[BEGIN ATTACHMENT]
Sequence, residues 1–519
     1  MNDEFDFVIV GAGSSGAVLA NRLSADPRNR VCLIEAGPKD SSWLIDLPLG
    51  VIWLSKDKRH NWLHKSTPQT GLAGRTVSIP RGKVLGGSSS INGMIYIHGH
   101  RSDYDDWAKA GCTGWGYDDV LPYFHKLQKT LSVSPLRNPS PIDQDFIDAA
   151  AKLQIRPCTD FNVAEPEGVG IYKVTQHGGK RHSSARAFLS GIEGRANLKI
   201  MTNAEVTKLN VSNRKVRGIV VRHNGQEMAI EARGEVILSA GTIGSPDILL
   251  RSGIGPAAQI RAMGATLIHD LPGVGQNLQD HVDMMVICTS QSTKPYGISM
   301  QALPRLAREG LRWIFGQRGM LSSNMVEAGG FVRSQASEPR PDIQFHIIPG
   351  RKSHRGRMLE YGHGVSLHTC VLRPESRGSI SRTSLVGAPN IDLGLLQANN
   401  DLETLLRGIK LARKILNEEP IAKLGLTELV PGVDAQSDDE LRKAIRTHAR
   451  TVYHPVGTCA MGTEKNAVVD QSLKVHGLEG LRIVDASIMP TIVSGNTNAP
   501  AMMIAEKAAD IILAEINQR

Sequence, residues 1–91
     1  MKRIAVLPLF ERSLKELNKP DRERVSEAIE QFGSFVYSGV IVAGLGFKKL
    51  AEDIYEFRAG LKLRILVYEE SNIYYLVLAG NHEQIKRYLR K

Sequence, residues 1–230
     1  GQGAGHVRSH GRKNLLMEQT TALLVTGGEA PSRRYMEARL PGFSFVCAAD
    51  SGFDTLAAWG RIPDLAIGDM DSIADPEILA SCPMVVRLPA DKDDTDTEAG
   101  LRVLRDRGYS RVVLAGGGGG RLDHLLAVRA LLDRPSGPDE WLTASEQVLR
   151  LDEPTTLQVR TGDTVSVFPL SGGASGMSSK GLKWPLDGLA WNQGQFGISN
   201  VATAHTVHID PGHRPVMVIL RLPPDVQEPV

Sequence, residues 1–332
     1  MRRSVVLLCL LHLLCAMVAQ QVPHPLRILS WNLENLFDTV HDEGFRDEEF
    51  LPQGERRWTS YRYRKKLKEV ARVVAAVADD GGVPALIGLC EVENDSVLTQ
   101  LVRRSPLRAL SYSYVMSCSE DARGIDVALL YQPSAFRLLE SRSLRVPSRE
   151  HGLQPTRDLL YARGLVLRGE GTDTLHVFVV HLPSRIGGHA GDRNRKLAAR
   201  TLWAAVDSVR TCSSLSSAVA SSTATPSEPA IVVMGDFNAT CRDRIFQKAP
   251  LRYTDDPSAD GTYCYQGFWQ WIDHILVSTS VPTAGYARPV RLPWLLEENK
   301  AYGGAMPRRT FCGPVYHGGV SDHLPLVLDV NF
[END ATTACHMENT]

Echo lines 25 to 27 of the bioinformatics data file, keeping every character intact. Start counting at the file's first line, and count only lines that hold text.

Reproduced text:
   101  LVRRSPLRAL SYSYVMSCSE DARGIDVALL YQPSAFRLLE SRSLRVPSRE
   151  HGLQPTRDLL YARGLVLRGE GTDTLHVFVV HLPSRIGGHA GDRNRKLAAR
   201  TLWAAVDSVR TCSSLSSAVA SSTATPSEPA IVVMGDFNAT CRDRIFQKAP